Indonesia's Quiet Revolution Bodes Well For Indonesia-Australia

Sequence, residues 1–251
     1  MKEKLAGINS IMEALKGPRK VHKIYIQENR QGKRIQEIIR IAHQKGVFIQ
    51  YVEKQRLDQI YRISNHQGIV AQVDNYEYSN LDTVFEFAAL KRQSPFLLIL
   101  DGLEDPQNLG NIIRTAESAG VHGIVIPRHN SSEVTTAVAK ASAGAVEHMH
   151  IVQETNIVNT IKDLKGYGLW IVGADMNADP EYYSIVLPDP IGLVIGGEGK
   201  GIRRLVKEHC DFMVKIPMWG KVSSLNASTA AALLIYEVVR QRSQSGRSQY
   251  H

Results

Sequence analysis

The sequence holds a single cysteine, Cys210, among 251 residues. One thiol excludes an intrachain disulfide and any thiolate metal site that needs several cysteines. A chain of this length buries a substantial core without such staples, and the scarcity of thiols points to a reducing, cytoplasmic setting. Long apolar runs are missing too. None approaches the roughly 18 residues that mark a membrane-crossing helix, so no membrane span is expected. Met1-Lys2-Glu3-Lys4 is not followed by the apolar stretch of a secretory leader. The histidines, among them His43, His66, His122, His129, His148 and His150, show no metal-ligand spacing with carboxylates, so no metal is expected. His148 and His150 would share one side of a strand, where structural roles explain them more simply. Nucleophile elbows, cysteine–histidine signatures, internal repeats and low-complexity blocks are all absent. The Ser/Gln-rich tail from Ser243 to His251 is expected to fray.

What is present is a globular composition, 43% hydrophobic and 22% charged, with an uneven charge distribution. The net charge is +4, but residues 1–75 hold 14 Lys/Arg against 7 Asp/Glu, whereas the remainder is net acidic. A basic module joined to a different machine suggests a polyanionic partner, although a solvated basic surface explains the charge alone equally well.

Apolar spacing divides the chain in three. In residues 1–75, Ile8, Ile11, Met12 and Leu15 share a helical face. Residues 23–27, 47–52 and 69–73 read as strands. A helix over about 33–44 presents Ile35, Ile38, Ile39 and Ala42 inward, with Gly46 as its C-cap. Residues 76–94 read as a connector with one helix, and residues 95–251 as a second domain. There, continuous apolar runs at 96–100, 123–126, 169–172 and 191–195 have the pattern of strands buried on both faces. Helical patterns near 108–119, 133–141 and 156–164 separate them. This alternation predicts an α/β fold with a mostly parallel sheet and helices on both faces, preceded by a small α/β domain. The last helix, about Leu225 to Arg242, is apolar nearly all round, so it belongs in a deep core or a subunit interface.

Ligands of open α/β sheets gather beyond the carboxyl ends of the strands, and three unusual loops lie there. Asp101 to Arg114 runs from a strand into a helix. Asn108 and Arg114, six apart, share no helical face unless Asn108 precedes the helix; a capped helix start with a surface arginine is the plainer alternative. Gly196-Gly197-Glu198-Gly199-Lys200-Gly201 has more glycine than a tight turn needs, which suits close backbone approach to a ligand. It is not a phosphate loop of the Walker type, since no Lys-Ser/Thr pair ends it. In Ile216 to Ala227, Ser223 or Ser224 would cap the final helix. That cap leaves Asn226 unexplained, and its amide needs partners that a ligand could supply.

By Tom Colebath, Economics Editor, The Age Daily, Australia Our next door neighbour is booming politically and economically. THIS year, most of the world's economic growth will take place in China. Much of the rest will be in India. But the third biggest source of global growth will be right next door: Indonesia. It has just held free elections for president and legislature that gave an emphatic mandate to its modernising moderate leader, Susilo Bambang Yudhoyono, for a second five-year term. The army no longer rules. The economy is no longer broken. Indonesia, for so long under the heel of dictators, is now what one analyst calls ''the best functioning democracy in South-East Asia''. A decade ago president B. J. Habibie unexpectedly ended the dictatorship to allow free speech, a free press, independent courts and free elections. While China, Singapore and Malaysia remain in the grip of ruling elites that won't let power out of their grasp, Indonesia has become a country where people can say what they like without having to check who's listening. And as the global financial crisis has flattened most countries, Indonesia has flourished. In this decade, its economy has grown by almost two-thirds. More Indonesians now live in cities than on farms. Per capita incomes have risen almost 25 per cent in five years, almost 50 per cent in a decade. Even on the IMF's forecasts - seen in Jakarta as unrealistically low - its economy would grow 15 per cent over the three years of this global recession. Only China and India will do better. Indonesia never will be a giant on the scale of China and India. Indonesia has 230 million people; they each have well over a billion. But it is moving along very different lines from China. Last year, analysts Andrew MacIntyre and Douglas Ramage published an essay for the Australian Strategic Policy Institute titled provocatively Seeing Indonesia as a normal country. Their thesis was that Indonesia is developing into a middle-income, stable democracy that poses no threat to its neighbours, and solves issues by peaceful, democratic means. At the time I thought their title provocative; a year and two elections later, it looks prescient. There are now 15,000 Indonesians studying in Australia. In the year to June, a record 436,000 Australian tourists went to Indonesia, despite the official warning urging them to reconsider. The commercial relationship, however, could be much bigger. Indonesia still has a widespread hostility to foreign investment, which Yudhoyono's reforms have not challenged. Yet Australian companies in Indonesia - such as the ANZ, Toll and Thiess - are doing well, and there is the potential for Australia to help modernise Indonesian business as it is helping to modernise government. Indonesia's democratic revolution has put down deep roots. Its economic revolution is starting to do the same. Much depends on Yudhoyono's second term, and how it tackles corruption and reforms to the bureaucracy, the labour market, infrastructure and investment. What will be good for Indonesia will be good for us. Quoted from The Age Daily, Australia.
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